Less than a year after heart transplant surgery, Skip Boldt walks up to 10 miles a day on a treadmill.
"This past four weeks I will have walked 100 miles," said Boldt.
"I think that's obsessive," added his wife, Julie.
Skip said the progress just reflects his tenacity.
"It isn't easy," he said. "The things I'm doing now I couldn't do before."
Eight months ago, Boldt was strapped to an operating table.
A heart-lung bypass machine circulated his blood as doctors sutured in the healthy heart of a man in his 40s.
The donor: A man killed in an accident just a few hours earlier.
"I want to really touch the family with the gift they gave me and tell them (about) all the rehab I'm doing," Boldt said. "The gift that they gave me will be taken care of."
These days, the evidence of his surgery is drawn faintly on his body as a map of scars.
There is a reddish scar from his sternum to just below the rib cage.
A wide scar on the left side of his pectoral muscle serves as a reminder of the internal pacemaker/defibrillator that shocked his heart back to life.
The two small scars on his belly once held tubes in place to drain the excess blood from the surgical site.
And there are other reminders.
His antibacterial gels are constant companions. The anti-rejection medication hampers his immune system -- germs mean infection and possibly death.
"We still don't go out to dinner," Julie said. "If we do, we have to wipe down everything. He has to use a straw -- glasses are covered with germs."
But for the most part, life is back to normal for the Boldts. He coaches baseball for his son's team. He lifts weights six times a week, and the color is back in his cheeks.
One year ago
Skip Boldt was a different man one year ago.
Back then, his life seemed as gray as his pallor.
He experienced shortness of breath and he stepped with calculated movements.
Any erratic cardiac rhythm could send a shock of electricity through his body as the internal defibrillator jolted his thickened heart back to normal.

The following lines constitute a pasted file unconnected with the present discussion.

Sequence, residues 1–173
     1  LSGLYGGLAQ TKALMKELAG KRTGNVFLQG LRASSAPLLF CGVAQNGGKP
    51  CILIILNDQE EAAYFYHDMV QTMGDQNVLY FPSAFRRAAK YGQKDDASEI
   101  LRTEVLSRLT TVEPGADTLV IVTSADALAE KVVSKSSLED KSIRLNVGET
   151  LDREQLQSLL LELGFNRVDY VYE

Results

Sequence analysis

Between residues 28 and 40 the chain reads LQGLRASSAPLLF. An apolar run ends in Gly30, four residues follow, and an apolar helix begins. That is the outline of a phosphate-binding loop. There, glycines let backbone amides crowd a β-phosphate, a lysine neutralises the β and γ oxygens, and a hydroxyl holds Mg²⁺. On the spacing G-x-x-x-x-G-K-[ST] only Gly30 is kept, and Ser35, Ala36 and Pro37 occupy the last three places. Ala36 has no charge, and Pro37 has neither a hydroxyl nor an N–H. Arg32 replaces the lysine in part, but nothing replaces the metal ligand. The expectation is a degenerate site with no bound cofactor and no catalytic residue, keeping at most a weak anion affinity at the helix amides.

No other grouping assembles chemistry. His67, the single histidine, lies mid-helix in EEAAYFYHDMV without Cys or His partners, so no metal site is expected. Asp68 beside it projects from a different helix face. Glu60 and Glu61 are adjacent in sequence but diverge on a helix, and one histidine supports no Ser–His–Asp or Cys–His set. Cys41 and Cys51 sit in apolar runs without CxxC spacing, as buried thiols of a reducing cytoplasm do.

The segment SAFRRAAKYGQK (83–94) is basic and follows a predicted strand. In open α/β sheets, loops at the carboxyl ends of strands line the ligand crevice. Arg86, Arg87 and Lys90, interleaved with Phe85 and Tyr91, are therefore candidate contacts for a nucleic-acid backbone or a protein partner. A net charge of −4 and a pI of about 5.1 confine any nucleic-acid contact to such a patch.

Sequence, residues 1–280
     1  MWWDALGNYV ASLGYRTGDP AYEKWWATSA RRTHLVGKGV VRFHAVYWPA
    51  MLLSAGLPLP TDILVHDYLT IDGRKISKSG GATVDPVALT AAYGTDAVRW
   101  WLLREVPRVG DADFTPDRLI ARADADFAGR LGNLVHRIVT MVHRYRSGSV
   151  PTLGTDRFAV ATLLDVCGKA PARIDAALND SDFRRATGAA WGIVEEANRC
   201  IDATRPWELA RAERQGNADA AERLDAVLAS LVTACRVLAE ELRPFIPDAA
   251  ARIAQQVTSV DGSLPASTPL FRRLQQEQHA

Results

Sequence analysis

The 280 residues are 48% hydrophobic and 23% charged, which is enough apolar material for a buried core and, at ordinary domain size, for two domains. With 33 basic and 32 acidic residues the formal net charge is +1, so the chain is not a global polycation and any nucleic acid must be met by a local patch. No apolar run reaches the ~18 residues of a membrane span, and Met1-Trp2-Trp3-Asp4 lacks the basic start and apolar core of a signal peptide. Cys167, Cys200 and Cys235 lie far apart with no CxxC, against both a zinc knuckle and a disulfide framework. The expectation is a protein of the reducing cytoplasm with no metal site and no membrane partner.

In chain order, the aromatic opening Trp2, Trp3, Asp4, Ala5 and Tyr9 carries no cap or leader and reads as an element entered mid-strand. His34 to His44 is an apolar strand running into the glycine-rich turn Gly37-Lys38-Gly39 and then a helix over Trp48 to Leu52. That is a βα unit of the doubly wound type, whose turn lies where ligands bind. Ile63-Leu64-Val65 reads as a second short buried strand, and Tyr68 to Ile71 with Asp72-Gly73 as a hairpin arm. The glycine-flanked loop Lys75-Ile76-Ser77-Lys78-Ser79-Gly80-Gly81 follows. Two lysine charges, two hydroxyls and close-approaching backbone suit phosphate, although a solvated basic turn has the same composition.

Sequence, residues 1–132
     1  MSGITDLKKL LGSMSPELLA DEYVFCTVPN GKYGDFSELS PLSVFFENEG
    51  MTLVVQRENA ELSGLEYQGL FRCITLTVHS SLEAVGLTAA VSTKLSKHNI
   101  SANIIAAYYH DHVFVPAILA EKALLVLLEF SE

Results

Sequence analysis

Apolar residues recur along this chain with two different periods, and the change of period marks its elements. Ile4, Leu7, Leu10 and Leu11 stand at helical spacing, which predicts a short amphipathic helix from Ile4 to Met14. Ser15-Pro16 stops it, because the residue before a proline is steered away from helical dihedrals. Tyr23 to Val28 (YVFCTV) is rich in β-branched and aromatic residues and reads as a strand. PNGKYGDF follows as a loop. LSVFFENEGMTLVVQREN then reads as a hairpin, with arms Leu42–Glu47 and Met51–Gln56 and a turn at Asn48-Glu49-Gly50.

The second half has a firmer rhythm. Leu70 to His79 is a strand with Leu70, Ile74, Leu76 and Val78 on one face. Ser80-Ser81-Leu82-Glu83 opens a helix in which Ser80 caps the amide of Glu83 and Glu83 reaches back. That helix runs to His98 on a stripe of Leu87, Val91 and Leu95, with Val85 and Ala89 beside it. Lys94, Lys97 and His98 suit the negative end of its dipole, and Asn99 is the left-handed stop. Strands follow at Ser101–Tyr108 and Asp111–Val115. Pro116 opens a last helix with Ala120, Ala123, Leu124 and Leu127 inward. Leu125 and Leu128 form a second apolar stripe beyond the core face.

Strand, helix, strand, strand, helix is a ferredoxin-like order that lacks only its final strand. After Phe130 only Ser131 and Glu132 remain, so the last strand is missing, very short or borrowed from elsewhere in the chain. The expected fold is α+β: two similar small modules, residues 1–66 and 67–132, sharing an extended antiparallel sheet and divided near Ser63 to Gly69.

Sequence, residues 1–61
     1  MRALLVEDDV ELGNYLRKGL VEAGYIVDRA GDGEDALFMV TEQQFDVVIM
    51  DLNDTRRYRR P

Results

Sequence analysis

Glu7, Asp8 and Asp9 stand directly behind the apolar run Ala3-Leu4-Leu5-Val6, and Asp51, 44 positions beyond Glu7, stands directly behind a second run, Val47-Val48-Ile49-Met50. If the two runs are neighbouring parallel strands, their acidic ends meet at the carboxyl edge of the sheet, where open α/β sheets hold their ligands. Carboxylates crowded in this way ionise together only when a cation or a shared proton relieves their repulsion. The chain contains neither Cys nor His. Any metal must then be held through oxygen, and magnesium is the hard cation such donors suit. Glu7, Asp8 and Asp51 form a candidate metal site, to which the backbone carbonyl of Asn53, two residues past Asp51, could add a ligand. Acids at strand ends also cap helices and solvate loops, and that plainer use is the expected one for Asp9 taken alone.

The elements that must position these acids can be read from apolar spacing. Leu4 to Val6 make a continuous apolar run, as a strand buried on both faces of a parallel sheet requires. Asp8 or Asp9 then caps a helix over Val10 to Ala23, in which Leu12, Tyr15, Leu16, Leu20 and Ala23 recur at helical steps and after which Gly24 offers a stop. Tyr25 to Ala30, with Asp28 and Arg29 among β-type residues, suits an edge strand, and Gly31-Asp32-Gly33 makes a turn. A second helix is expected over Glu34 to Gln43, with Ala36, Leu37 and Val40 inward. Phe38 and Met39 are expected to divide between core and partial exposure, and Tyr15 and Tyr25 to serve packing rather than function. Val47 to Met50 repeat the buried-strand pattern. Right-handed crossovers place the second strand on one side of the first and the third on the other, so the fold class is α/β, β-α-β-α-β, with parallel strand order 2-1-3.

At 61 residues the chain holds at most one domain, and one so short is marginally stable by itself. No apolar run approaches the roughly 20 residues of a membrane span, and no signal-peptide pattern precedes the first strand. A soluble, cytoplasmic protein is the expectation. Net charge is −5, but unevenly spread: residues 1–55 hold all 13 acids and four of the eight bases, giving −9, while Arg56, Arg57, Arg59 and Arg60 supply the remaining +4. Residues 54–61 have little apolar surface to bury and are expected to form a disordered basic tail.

Boldt suffered from a congenital heart disease called hypertrophic cardiomyopathy or HCM -- a condition that thickens the wall of the heart, obstructing blood flow.
Disorganized impulses, or fibrillations, of the heart's four chambers compounded his condition.
Julie said the walls of her husband's heart -- twice the density of a healthy heart -- struggled to pump blood through his body.
"He was dying," said Julie. "His heart was shutting down."
"I would either be hospitalized or dead if I hadn't gotten the transplant," Skip Boldt said.
The new heart
Still, even with a healthy man's heart beating in his chest, Boldt is aware that life is fragile.
Around New Year's this year, he felt a flutter -- a sign of atrial fibrillation that can lead to heart failure. It was a sensation he experienced frequently with his diseased heart.
"I didn't think I'd ever feel that again," he said. "I was hospitalized for 10 days. I'm worried still. I'm not out of the woods by any stretch of the imagination."
Before the heart transplant, Skip Boldt was the family provider.
Now, instead of working to pay the bills, his focus has been the slow reconstruction of his own health.
"The first several months (after a transplant) it's all about you," he said. "You're going to have setbacks here and there. You'll have disappointments you'll overcome. It has to be about you so you can help someone else."
Boldt said his new life gives him a sense of urgency. He chooses to spend most of his time with Julie and his two children, Heather and Austin.
"I don't think the chances of my living to 70 or 80 are good," Boldt said. "If I was betting, (I wouldn't bet on) a (normal) life span, so I make every moment count."